I am struggling to wrap this up because I'm sure I've forgotten something that was important or that it will be misunderstood if I don't say it just right. But I think knowing that I am going to try and let grace be present here and just go with it. It's been 10 years after all, and while some things are clearer now, others are not. A lot of my conversion story continues post the actual moment of becoming Catholic, as I think this is true for most people in their faith walks. God doesn't give up on you after you are claimed but keeps the refining process going if you'll let him. But this story isn't about that, though maybe I should write another series on the next ten years post conversion some other time. :)
So, let's back to the story. Just a few short weeks before Easter vigil, one of the other catechumens and I met with a woman who had recently gone through the conversion process. Because both of us were struggling with a lot of outside pressures against us and also were wondering about all the things we just didn't quite get yet. It was almost a reassurance thing, and it was really needed because to see someone that already did what you are about to do and survived and is thriving on top of that a few years down the road, it gives you hope. Especially when you realize how big this is what you are doing. Part of me wonders, if I would have waited another year, and came into full communion after I had gotten married, if I would have had all the strife going into it. But maybe for me it needed to be so uncomfortable from the outside that I knew I had to do it from the inside. That even though it wasn't easy to go against my family or origin's wishes, the tug to do it wasn't going to go away and maybe it would have just gotten that much worse if I did wait another year.
Easter vigil came. It was a day full of snow and it was terrible weather, but despite that people that were important to me came out to support me in this process. It was so very great to have my roommates there and some friends from graduate school and K and his family as well. I was so thankful for their presence and support. They were troopers in the weather. I loved that it was snowing, not because it made it difficult to get there but snow is my favorite thing. It washes away the yuck of the world and paints it new again. It just felt like a symbol of a new beginning with the fire in the barrel light on a snowy night. It was a special night and while Easter vigil is long, every bit meant something and it was good to finally feel at home in my faith at the end of the night. The rest could wait.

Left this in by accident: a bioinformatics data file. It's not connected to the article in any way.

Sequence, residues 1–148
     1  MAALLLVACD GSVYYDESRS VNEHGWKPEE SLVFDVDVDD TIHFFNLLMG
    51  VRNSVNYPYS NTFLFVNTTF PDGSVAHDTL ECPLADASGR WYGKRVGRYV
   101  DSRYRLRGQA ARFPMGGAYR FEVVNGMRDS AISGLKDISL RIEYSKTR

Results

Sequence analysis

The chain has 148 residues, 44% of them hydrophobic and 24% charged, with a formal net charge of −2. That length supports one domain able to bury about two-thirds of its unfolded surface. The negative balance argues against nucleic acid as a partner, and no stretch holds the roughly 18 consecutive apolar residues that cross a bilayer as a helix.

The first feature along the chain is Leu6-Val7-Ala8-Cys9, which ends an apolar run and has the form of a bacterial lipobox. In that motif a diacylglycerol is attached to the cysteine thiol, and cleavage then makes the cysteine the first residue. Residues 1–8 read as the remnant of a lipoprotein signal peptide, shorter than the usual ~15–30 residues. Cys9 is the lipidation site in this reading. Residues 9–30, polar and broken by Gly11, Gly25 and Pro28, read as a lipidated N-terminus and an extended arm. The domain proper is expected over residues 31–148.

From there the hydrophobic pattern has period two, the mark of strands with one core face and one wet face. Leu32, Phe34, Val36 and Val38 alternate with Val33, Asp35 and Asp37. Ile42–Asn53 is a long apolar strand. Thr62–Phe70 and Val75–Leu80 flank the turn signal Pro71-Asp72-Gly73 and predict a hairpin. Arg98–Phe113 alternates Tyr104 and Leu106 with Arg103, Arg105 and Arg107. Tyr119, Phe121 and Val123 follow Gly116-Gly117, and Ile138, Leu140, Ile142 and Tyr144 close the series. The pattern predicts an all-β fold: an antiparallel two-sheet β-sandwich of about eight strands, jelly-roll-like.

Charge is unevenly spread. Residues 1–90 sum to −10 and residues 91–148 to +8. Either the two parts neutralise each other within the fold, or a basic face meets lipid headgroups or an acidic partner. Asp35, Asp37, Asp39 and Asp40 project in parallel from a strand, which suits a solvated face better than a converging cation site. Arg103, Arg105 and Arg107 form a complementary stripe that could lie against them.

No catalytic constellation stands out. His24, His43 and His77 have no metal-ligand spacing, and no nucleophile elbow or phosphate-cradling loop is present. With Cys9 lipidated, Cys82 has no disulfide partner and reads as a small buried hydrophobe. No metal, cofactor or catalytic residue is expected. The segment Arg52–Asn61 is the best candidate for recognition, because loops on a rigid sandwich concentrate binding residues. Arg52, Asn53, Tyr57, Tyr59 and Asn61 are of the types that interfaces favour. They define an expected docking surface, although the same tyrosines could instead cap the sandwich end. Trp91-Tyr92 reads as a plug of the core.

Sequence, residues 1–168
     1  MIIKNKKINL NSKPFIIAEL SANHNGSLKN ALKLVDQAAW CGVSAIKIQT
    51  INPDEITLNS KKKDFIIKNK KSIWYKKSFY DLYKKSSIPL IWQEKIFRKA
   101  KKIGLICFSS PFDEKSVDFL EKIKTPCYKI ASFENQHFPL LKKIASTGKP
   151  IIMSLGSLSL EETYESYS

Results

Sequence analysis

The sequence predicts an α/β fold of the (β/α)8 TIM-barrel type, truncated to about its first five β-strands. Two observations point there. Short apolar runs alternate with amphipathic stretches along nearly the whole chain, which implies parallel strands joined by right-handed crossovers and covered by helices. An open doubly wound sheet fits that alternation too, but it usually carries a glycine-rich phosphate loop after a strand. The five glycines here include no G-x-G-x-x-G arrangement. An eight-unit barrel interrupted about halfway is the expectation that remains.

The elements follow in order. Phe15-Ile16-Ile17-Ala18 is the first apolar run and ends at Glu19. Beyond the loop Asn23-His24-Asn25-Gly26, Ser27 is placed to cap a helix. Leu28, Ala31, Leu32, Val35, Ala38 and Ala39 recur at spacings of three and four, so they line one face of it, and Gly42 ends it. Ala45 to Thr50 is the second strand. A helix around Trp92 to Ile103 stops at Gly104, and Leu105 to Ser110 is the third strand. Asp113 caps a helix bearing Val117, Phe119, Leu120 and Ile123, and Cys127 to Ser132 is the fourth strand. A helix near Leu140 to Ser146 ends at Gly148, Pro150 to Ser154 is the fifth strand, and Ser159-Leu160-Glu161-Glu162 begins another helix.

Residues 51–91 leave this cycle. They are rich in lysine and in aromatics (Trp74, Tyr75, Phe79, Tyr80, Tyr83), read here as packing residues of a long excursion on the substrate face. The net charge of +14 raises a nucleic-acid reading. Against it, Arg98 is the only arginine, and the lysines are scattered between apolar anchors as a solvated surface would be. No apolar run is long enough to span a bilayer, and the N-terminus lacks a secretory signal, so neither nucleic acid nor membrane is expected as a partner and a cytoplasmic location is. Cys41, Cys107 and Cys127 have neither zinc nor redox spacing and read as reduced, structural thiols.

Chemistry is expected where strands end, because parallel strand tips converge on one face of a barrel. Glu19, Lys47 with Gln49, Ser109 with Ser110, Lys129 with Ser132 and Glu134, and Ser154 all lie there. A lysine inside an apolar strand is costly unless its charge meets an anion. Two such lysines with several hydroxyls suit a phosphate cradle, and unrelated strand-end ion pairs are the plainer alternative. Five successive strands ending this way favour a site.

And that's one thing I think about often, despite how hard it was to get there with a lot of searching, I finally feel at home in Catholicism and this feeling hasn't gone away. There are so many instances where I'm in mass and I just smile for the love that is there that is present in Jesus that is present in his sacrifice and in those around me despite coming from so many different backgrounds and at so many different stages in life. There is a oneness, which I didn't feel before and there are so many other things that just keep me growing more and more in my walk with Jesus. I recall one thing said in RCIA that was emphasized in our learning about the faith. It was simply that everything that Catholicism holds is there as something to bring you closer to Jesus. Every bit of the mass, every bit of the sacraments, every bit of prayer and devotion should draw you to Jesus. Not every devotion within Catholicism is for every Catholic or for every time in your life, but they exist as means to lead to to Jesus. For in the end our goal is to be in communion with Christ, something for which every Christian strives. The vastness is there in Catholicism but it only accounts for the fact that each person needs something just a little bit different to reach the finish line. I am no where near the finish line yet, but God continues to meet me everyday where I am at and particularly now as a Catholic.
Read Part 1 here.
Read Part 6 here.